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What if we could stop heart problems before they start? With preventive cardiology, we can

Heart disease is the #1 cause of death in both men and women in the United States. According to the Centers for Disease Control and Prevention, every 36 seconds, an American dies from cardiovascular disease. But lifestyle modifications, like diet and exercise, can make a world of a difference in reducing your risk for heart disease and improving your overall health.

Heart disease is clearly something that we should all take seriously, so what more can we do to take control of our cardiovascular health and prevent disease? The good news is that there is an entire subspecialty dedicated to preventing heart disease in people of all ages and backgrounds!

What is preventive cardiology?

Preventive cardiology is a subspecialty that aims to lower patients’ risk for cardiovascular disease and slow the progression in those with existing disease.

This work is highly personalized; your cardiologist will work closely with you to determine a treatment plan and modifications that fit your lifestyle. While taking medication might be necessary for some patients, others may simply need to change what they eat every day or add or increase the amount of physical activity they are getting. These individualized plans of care are pivotal in addressing your specific risk factors.

So, if you know that heart disease runs in your family, or you have conditions such as high blood pressure or high cholesterol, seeing a preventive cardiologist is an important step to assess and reduce your risk for heart disease.

Related: Women and heart disease: The surprising links you may not know

What to expect at your doctor’s appointment

You’ve made an appointment with a preventive cardiologist— great! What should you expect?

  • Family history: For starters, it’s important to know as much of your family medical history as you can. If one of your relatives had a heart attack or stroke, this is information that your cardiologist needs to know to better understand your risk for heart disease.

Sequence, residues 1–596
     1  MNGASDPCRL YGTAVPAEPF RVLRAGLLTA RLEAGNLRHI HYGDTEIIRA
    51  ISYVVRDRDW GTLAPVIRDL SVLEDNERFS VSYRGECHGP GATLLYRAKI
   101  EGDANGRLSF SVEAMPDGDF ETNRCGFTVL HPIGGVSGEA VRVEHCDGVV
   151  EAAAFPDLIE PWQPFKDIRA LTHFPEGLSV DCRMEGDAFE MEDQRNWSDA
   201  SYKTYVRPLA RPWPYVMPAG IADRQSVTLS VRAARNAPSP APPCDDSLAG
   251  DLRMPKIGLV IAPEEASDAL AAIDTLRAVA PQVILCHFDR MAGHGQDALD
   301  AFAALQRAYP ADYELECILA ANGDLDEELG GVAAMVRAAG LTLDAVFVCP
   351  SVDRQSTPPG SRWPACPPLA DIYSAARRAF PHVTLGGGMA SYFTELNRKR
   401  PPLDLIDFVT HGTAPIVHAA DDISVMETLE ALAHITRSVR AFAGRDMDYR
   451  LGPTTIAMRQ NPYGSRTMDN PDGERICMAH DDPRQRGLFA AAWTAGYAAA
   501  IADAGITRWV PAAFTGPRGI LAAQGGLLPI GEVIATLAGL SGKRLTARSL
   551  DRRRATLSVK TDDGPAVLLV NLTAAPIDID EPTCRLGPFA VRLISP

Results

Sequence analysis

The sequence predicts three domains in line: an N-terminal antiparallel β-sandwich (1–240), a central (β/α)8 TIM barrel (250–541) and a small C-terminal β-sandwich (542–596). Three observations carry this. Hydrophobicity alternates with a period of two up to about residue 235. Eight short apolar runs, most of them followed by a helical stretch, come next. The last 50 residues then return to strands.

• Genetic testing: After discussing your family history, they may offer genetic screening to assess your risk for inherited disease.
  • Lifestyle: You will also discuss lifestyle habits, such as diet and exercise. What do breakfast, lunch and dinner look like for you? What do you do to stay active? These are questions that your preventive cardiologist may ask so they can counsel you on how to make healthy changes in your daily life.
  • Blood tests: Your doctor may also order tests that will provide a clearer picture of your cardiovascular health. One of these tests is a lipid panel, a blood test that measures the amount of cholesterol and triglycerides in your blood. Based on your history and physical, your doctor may also order a coronary calcium screening. This test uses computed tomography (CT) to check for calcium buildup in your coronary arteries, which can be an early sign of heart disease. This test takes about 15 minutes.

Next steps

You shouldn’t wait to develop heart problems to see a cardiologist. Seeing a preventive cardiologist is an excellent way to be proactive about your health and take the necessary steps today to avoid future heart problems. Whether you’re 20 or 80 years old, it is never too early or late to start improving your heart health.

“Explore."

About the author

Ramsha Asim, BS
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Ramsha Asim, BS, is a second year medical student at Kansas City University. She is currently completing a summer research internship at Baylor Scott & White The Heart Hospital - Plano.
Anandita Kulkarni, MD
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Anandita Kulkarni, MD, is a preventive cardiologist and women's heart specialist on the medical staff at Baylor Scott & White The Heart Hospital – Plano's Center for Cardiovascular Disease Prevention. Dr. Kulkarni is a national leader in the field of preventive cardiology and lipidology. Her clinical expertise lies in the management of complex lipid disorders, women’s cardiovascular health, South Asian cardiovascular health, and cardiac imaging. Schedule an appointment with Dr. Kulkarni today.

What if we could stop heart problems before they start? With preventive cardiology, we can